As the company declares it is ready to launch Li-Fi in its luminaires, a French real estate company starts putting the technology through its paces. But prime time will have to wait.
Philips Lighting has stepped up its commitment to Li-Fi, announcing a small pilot in which French real estate company Icade is using 20 Philips Li-Fi enabled luminaires to provide Wi-Fi-like services at Icade offices in Paris. Philips also said it is now able to outfit its existing luminaires with Li-Fi capability.
Li-Fi, or light fidelity, is a long-emerging technology that uses light waves rather than the radio waves of Wi-Fi to provide Internet service. It embeds data in modulated frequencies emitted by LEDs.
One of the main promised advantages of Li-Fi is that it will add vast spectrum in a world where Wi-Fi bandwidth is rapidly saturating — by some accounts it may broaden the frequency range by 10,000 times. It is an example of the lighting industry’s push beyond illumination into a wider world of digitalization, a trend which Philips recognized today with its decision to rename itself as Signify.
But Li-Fi has been slow to evolve to commercial viability. It is still characterized by high cost and the absence of embedded circuitry that allow tablets, phones, and laptops to receive signals without the use of USB dongles or other extra equipment.
Trials like those at Icade’s offices in the La Defense section of Paris could stir up more interest in the technology, which in turn could prod chip manufacturers and device makers closer to shrinking components and embedding them. That, in turn, would drive down costs.
The Li-Fi ecosystem also requires the backing of telecom companies that would support Li-Fi as another form of Internet connectivity, which today includes cellular, broadband, Wi-Fi, and others.
The Li-Fi movement also suffers from a lack of standards prescribing how to ensure that one Li-Fi system or component is compatible with another.
By launching its first known public Li-Fi trial, albeit a small one, the world’s largest lighting company could help move things forward.
“Li-Fi has enormous potential for today’s digital age and as the world’s leading lighting company, we are proud to pioneer new and innovative services for our customers,” said Olivia Qiu, Philips Lighting’s chief innovation officer. “While radio frequencies are becoming congested, the visible light spectrum is an untapped resource with a large bandwidth suitable for the stable simultaneous connection of a vast array of Internet of Things [IoT] devices.”
While it is indeed piloting the technology, Philips has not yet established Li-Fi as a bona fide commercial business line. The Paris project, as well as Philips’ general readiness to outfit luminaires with Li-Fi gear, is still part of the company’ research and innovation operations. It springs from the company’s acquisition early last year of French Li-Fi firm Luciom. Michel Germe, the former CEO of Luciom, is running the team of 20 or so Li-Fi specialists. Germe reports to Qiu.
“For us, it is very important to get the technology out there,” Ed Huibers, the team’s head of business development, told LEDs Magazine. “We really want to have customers test it, and we [hope] to stimulate device makers and the telecom industry. We have to get the IT community supporting this, and we need to work together with companies who deliver switches and cabling, and in the future integrating the dongle side — the receiving end — into devices like laptops or phones.”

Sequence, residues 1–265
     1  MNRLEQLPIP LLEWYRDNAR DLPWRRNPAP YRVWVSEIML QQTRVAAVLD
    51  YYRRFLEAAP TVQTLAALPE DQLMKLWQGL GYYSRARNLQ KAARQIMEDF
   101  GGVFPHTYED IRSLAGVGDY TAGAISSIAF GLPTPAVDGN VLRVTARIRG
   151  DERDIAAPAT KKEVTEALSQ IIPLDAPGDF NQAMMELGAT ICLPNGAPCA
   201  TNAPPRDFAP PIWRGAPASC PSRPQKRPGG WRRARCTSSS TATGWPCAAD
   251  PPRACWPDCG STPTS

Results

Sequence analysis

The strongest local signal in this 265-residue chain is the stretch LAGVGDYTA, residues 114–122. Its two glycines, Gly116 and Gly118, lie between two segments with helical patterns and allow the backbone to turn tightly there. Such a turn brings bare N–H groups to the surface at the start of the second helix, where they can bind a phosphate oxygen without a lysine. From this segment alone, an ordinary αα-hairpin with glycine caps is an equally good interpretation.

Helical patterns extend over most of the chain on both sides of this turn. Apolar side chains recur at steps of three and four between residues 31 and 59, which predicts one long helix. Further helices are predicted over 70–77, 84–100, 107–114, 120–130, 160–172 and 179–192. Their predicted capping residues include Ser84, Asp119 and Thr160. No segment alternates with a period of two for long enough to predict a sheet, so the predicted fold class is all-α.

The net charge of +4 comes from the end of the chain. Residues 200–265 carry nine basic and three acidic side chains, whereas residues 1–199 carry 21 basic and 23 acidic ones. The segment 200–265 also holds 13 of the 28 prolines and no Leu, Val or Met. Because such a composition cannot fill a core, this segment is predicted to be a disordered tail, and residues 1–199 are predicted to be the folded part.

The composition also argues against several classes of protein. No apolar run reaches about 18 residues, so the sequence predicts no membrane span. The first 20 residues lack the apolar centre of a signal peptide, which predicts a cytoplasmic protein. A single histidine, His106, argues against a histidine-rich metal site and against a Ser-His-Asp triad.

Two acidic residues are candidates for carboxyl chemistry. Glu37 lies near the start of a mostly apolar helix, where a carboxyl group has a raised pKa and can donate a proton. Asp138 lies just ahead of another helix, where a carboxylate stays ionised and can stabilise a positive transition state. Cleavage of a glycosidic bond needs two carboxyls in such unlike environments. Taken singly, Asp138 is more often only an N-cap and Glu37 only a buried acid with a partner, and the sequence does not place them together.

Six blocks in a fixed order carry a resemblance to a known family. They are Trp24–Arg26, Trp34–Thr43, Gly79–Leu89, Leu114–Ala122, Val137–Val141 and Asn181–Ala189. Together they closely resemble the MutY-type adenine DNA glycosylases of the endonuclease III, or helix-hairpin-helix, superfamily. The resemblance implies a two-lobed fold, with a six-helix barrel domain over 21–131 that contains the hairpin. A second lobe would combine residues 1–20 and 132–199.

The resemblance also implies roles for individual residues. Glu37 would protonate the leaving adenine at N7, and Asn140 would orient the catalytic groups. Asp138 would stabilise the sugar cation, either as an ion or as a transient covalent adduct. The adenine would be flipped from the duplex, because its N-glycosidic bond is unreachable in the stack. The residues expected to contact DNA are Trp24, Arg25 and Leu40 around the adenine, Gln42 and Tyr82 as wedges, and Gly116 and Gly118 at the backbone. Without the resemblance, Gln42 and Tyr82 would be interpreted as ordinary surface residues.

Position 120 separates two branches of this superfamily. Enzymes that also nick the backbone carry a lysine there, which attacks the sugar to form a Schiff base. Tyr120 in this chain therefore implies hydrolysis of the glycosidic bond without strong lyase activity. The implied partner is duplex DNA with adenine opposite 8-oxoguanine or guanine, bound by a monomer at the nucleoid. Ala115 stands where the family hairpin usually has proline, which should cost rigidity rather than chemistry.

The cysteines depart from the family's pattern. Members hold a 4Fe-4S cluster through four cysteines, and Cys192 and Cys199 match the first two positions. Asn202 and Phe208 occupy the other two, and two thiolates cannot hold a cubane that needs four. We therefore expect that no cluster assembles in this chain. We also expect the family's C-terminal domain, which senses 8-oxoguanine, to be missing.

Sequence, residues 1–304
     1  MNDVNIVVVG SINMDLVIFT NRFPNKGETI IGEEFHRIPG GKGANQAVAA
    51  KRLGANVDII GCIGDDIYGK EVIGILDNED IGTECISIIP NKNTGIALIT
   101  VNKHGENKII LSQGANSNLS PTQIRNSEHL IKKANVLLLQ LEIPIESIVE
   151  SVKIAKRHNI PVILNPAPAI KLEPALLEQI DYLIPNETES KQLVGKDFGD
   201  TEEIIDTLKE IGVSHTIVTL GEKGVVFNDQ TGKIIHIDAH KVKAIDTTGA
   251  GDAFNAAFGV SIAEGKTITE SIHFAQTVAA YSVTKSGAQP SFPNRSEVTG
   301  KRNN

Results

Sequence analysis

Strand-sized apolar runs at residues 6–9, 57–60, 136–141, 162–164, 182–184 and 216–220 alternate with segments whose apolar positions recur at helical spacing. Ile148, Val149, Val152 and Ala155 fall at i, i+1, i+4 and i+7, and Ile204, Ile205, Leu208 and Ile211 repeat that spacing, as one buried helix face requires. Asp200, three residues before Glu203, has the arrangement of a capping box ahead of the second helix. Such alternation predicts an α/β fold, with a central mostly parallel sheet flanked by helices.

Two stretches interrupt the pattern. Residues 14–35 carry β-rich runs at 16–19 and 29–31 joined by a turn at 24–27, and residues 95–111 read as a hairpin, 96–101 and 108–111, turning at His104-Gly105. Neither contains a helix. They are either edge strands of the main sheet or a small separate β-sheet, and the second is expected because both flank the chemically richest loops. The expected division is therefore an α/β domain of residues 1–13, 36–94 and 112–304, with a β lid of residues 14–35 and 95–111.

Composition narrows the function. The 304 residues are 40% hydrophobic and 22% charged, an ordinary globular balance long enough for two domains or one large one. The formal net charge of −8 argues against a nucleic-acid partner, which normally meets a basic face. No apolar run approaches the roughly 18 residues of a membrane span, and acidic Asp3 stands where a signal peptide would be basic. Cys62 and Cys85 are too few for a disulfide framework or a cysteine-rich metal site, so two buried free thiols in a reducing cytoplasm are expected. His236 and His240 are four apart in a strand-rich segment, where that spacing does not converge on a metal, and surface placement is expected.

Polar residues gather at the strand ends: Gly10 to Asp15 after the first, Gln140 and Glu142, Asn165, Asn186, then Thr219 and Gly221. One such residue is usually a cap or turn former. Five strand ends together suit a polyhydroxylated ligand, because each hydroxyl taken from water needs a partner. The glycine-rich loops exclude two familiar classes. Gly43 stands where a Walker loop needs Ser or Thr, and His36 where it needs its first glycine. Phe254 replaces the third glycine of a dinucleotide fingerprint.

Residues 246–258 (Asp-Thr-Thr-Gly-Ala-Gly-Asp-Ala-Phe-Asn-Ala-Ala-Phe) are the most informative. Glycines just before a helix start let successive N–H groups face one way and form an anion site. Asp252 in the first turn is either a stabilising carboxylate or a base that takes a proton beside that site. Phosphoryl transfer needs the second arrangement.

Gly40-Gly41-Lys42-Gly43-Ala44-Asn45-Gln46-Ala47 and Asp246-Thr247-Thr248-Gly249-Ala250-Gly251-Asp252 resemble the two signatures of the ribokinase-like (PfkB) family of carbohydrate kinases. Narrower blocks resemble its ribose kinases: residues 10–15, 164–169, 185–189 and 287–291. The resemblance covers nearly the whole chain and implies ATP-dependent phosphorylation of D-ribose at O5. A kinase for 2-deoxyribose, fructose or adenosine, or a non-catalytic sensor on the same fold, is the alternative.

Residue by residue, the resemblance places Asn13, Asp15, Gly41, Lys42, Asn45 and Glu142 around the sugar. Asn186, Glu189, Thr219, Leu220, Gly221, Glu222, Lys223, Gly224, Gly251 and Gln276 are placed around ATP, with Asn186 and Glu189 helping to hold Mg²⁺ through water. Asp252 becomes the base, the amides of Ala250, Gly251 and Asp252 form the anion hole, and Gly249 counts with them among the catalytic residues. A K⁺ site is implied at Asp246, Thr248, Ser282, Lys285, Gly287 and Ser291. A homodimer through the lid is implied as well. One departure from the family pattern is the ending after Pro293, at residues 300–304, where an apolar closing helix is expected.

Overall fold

Philips chief innovation officer Olivia Qiu sees “enormous potential” for Li-Fi. “The visible light spectrum is an untapped resource with a large bandwidth suitable for the stable simultaneous connection of a vast array of IoT devices,” she said.
By some estimates about a year ago, embedded device circuitry cost some 50-to-100 times more for Li-Fi than for Wi-Fi, making cost an obvious stumbling block. While rumors have circulated for over a year that leading brands like Apple are ready to embed Li-Fi, it hasn’t happened yet.
Thus, when Li-Fi pioneer pureLiFi announced last October that it had reduced the size of its receiving components so that they could fit inside a laptop, it nonetheless continued to offer the receiver as a dongle, in the absence of any commitment from device makers to embed the technology.
And on the illumination side, Li-Fi components make luminaires about 5-to-6 time more expensive than non-Li-Fi luminaires, Philips’ Huibers said. That cost needs to fall, although not to the level of non-Li-Fi luminaire costs, because the Li-Fi chips add significant value, Huibers noted.
That value includes Internet access where it might otherwise not be available. In addition to saturation and interference problems that can dog Wi-Fi, some countries have grown wary of possible Wi-Fi health effects in places like schools and hospitals. France has banned Wi-Fi in elementary schools, Huibers pointed out.
Li-Fi enthusiasts also claim that Li-Fi is more secure than Wi-Fi, and that it’s more reliable and less prone to failure. While Wi-Fi tends to offer faster top speeds in closed commercial settings, those speeds can rapidly deteriorate when many people share the signal, something that is less of an issue with Li-Fi.
It is that sort of value that could eventually tip Li-Fi into the mainstream.
If Philips’ trial with Issy-les-Moulineaux-based Icade succeeds, Icade might then offer Li-Fi as feature in commercial real estate offices that it rents out to tenants. The pilot began earlier this year.
“We hope for some big steps in one or two years where you will see bigger rollouts of Li-Fi solutions,” Huibers said.
For Li-Fi, there could be light at the end of the tunnel after all. And it would have data embedded in it.
MARK HALPERis a contributing editor for LEDs Magazine, and an energy, technology, and business journalist (firstname.lastname@example.org).